Two Rabid Animals Found on Fort Hood
Fort Hood is reporting two cases of rabies on post. In one case a resident was attacked.
According to a press release, the first identified case occurred May 12 when somebody saw a skunk acting strangely in a motor pool on Motor Pool Road.
The second case, on May 16, involved a dark gray and white kitten that attacked a Fort Hood resident outside a home on Central Drive on post.
The victim has started post exposure rabies prophylaxis,” Dr. John Kuczek, the officer in charge of the Fort Hood Veterinary Center said.
Because of these two cases Public Health Command and the Fort Hood Veterinary Center urges Fort Hood residents to avoid handling wild or stray animals, and make sure household pets are vaccinated against rabies.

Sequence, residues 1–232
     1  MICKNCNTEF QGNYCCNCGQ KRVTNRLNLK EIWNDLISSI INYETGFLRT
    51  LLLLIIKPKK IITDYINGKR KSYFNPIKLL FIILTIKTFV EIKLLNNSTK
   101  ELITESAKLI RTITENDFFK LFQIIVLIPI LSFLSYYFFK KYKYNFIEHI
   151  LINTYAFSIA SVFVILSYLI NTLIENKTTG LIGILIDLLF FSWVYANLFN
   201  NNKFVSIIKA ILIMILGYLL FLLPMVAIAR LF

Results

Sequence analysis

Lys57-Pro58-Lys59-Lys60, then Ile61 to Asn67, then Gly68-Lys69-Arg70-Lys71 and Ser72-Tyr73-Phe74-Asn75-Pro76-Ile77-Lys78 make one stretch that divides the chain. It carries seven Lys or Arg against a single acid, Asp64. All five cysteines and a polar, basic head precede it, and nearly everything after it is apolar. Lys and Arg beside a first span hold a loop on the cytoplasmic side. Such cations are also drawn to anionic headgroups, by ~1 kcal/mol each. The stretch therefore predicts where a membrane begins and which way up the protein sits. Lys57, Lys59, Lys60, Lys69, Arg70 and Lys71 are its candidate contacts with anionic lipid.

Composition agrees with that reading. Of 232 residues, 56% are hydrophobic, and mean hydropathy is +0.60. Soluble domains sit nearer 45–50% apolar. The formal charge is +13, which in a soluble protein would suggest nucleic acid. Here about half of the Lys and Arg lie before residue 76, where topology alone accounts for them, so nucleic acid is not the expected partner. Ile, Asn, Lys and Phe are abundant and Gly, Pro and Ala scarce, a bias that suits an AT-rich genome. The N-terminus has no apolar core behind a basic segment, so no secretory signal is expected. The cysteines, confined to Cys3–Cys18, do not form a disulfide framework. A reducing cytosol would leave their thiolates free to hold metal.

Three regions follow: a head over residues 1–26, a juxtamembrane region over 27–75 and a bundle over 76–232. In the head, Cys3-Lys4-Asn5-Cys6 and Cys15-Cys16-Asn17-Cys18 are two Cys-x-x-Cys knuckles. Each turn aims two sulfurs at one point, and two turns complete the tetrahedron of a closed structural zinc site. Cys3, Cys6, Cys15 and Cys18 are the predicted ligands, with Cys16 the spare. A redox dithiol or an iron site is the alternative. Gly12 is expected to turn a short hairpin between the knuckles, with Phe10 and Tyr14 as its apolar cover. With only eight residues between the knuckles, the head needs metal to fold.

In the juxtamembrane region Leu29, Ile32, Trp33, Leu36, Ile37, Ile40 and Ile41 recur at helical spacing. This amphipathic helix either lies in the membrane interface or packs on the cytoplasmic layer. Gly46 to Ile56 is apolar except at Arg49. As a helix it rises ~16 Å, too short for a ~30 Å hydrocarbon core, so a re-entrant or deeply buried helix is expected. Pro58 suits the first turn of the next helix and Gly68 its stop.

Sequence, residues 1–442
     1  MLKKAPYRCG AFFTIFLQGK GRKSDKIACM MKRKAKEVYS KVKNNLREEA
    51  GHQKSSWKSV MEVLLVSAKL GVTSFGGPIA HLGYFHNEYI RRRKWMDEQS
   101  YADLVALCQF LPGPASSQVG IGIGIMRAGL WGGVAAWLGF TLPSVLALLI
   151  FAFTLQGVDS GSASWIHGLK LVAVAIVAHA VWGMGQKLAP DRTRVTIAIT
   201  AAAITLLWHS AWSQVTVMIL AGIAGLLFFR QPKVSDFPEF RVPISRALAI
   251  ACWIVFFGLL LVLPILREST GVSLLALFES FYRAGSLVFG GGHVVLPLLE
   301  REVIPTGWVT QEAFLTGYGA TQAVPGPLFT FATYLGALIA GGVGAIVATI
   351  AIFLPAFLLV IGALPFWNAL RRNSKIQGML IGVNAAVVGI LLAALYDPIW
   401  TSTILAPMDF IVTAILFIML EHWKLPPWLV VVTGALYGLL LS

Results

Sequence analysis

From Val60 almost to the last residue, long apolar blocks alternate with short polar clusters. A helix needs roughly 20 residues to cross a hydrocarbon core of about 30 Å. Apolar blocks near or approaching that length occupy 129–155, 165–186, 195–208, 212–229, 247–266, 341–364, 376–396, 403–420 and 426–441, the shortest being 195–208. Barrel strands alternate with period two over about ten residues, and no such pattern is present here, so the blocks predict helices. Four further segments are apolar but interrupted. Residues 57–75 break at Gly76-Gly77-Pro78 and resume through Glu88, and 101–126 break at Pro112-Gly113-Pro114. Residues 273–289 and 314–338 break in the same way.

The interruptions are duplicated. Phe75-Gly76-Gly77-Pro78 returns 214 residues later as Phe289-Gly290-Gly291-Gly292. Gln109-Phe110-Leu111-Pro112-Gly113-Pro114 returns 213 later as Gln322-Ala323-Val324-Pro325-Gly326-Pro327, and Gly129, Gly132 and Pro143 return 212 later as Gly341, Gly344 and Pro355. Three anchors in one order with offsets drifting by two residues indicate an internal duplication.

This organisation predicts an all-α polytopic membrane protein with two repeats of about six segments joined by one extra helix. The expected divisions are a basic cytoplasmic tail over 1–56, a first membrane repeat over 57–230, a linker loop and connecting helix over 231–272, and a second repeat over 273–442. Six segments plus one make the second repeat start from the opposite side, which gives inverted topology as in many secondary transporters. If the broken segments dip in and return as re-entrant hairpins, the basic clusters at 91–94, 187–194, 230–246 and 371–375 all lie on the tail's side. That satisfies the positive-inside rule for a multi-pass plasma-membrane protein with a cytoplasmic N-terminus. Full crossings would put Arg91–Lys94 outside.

If you came in contact with that kitten contact your family doctor, and the Fort Hood Veterinary Center.
Kuczek warns that an infected animal can spread the deadly virus while appearing completely normal. It may not show symptoms until just before it dies.
The rabies virus is transmitted to humans by the saliva of infected animals through bite wounds, contact with mucous membranes, or broken skin. Humans can become infected and harbor the virus for weeks to months, and in extremely rare cases, years before becoming ill.
Once exposed, rabies can be prevented with appropriate treatment, including a series of vaccinations. But, the doctor warns, once symptoms occur, death is almost always certain.